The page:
Stone or Block under Tapered Column Help

Reply

  #1  
Old 11-08-13, 07:07 AM
Member
Thread Starter
Join Date: May 2013
Location: United States
Posts: 31
Received 0 Votes on 0 Posts
Stone or Block under Tapered Column Help

There was a misunderstanding with the contractor I hired. My original plan was to stack retaining wall blocks around the 4x4 post to dress them up about 30 inches and then have the tapered column added after.... Well I came home one day and the tapered columns were already done. My original plan was to have stone blocks stacked about 30 inches high. I think it will be to hard now to stack them. Any other suggestions how I can finish the post around the post. I would like some type of stone. Not picky. I would like it about 30 inches tall and 16 inches wide. Was going to cut solid cap but not sure if I can now. Any suggestions? Its getting colder every day in Northeast PA so I am running out of time.
 
Sponsored Links
  #2  
Old 11-08-13, 07:10 AM
Member
Thread Starter
Join Date: May 2013
Location: United States
Posts: 31
Received 0 Votes on 0 Posts
photo is below to get a better understanding.
 
Attached Images  
  #3  
Old 11-08-13, 04:20 PM
czizzi's Avatar
Member
Join Date: Jul 2007
Location: USA
Posts: 7,376
Received 9 Votes on 7 Posts
You will need to build a box strong enough to apply 1/2" cement board on and then affix your stone. Build the 4 sided box on site and build out the 4x4 so that you have a nailing surface and something to steady the box.
 
  #4  
Old 11-08-13, 07:09 PM
Member
Join Date: Aug 2013
Posts: 31
Received 0 Votes on 0 Posts
Concrete pad. Remove 4by4.. replace with column of concrete blocks
Then. Stone dressing.
 
  #5  
Old 11-09-13, 05:50 AM
chandler's Avatar
Banned. Rule And/Or Policy Violation
Join Date: Dec 2005
Location: USA
Posts: 39,967
Received 3 Votes on 3 Posts
4x4 is providing the only vertical support for the porch outcropping. I would NOT remove it. Having the tapered column there is no problem. It will not rest on the stone anyway (well slightly). A good stone guy can build a concrete base, then a wooden frame as Z mentioned, covered with either cbu or tar paper and lath, then lay stack on that.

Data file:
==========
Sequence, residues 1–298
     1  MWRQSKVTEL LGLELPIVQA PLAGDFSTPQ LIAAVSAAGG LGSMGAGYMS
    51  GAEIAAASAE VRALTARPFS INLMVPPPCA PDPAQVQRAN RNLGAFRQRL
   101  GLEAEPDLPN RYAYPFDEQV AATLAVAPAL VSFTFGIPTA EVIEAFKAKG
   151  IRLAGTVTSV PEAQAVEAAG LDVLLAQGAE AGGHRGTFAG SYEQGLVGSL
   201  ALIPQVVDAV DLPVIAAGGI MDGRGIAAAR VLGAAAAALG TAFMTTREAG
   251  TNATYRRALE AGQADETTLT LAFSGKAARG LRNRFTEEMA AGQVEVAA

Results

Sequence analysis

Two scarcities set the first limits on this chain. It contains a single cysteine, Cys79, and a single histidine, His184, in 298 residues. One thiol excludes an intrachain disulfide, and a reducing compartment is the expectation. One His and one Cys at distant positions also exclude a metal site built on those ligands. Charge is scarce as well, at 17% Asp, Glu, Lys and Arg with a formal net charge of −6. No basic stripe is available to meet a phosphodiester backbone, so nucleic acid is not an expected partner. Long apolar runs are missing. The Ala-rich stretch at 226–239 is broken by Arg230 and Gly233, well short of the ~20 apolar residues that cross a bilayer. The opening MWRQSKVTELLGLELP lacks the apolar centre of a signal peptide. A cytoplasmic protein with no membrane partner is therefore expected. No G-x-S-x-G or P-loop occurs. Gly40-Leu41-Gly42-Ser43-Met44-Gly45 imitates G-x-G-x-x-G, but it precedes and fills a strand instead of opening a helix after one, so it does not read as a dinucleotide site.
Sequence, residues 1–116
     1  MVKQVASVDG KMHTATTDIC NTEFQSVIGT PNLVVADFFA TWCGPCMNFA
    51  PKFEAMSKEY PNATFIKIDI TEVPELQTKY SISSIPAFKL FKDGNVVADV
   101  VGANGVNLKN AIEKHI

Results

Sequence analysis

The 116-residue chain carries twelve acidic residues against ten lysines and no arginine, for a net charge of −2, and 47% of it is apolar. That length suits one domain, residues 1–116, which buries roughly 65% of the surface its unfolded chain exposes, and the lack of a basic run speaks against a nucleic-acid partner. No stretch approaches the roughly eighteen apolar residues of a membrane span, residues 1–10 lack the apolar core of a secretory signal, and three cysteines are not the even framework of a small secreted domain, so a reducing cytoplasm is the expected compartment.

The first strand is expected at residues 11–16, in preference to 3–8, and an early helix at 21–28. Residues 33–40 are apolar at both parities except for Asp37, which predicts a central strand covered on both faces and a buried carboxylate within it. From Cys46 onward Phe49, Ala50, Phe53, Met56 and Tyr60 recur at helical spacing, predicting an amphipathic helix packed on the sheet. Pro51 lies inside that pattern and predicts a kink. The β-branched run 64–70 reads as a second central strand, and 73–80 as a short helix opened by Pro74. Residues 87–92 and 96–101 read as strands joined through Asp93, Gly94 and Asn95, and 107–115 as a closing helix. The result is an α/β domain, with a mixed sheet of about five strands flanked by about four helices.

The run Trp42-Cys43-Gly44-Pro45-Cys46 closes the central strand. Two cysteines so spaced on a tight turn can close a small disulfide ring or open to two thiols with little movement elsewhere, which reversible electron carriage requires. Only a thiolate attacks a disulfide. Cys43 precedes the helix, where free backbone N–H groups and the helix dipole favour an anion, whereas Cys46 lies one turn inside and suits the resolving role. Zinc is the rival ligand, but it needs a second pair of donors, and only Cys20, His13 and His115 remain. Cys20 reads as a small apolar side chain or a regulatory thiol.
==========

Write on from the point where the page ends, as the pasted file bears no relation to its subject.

#6  
Old 11-09-13, 08:39 AM
Member
Thread Starter
Join Date: May 2013
Location: United States
Posts: 31
Received 0 Votes on 0 Posts
There is no way I can remove the 4x4. I was thinking of the box idea. Pour concrete pad nice and leveled with PT on the bottom bottom that will be in contact with the concrete pad. And build it out. Will cement board be okay outside? Hard to find stone. My Lowes only carries a product called airstone. About 50 for 7 Sq ft. Going to pour pad today hopefully if it reaches 50 degrees
 
  #7  
Old 11-09-13, 10:02 AM
czizzi's Avatar
Member
Join Date: Jul 2007
Location: USA
Posts: 7,376
Received 9 Votes on 7 Posts
Do a search for stone veneer in your area. Most are faux rocks which are lighter than actual. Cement Board will be fine, you just have to do the math as to how big to build your base out. It usually is easier once you pick out your stone and can measure actual thickness.
 
  #8  
Old 11-16-13, 12:10 PM
Member
Thread Starter
Join Date: May 2013
Location: United States
Posts: 31
Received 0 Votes on 0 Posts
Poured the concrete pad 26x26 inches. Probably a little to large but that's fine. I was thinking of having the cap 24 inches x 24 inches then the overall width of the "box" with the stone 22 inches leaving a 1 inch over hang on each side. Stuck on the Caps. I saw at lowes a 24 inch paver I was going to cut in half and then cut the center for post, but they only had one in stock when I went back and wont have them in until summer....any other ideas for the cap?
 
  #9  
Old 11-16-13, 12:51 PM
Join Date: Mar 2005
Location: USA
Posts: 6,130
Received 0 Votes on 0 Posts
Why do you feel you have to go to Lowes? There must be masonry supply store that has a wide range of stone (thick, thin, natural or manufactures). Then you have choice of what you want to look at for years.

Since you are only doing a veneer, the weather should not be a big problem and can be protected easily for setting up and curing with poly and possibly a little bit of scrap fiberglass. If it will be very cold, try to get the materials a little warm and use warm mixing water (not over 140F), then cover when done. Don't go by the fictional 28 days that is meant for poured concrete and not applicable to mortar. All does is take a little planning for the small amount of materials you will be dealing with.

The key thing is to not allow the mortar to freeze until after it is not saturated (that takes 24-48 hours) and will be shorter with artificial stone because it will such out more moisture that natural stone.

Dick
 
Reply

Posting Rules
You may not post new threads
You may not post replies
You may not post attachments
You may not edit your posts

BB code is On
Smilies are On
[IMG] code is On
HTML code is Off
Trackbacks are Off
Pingbacks are Off
Refbacks are Off


Thread Tools
Search this Thread
 
Ask a Question
Question Title:
Description: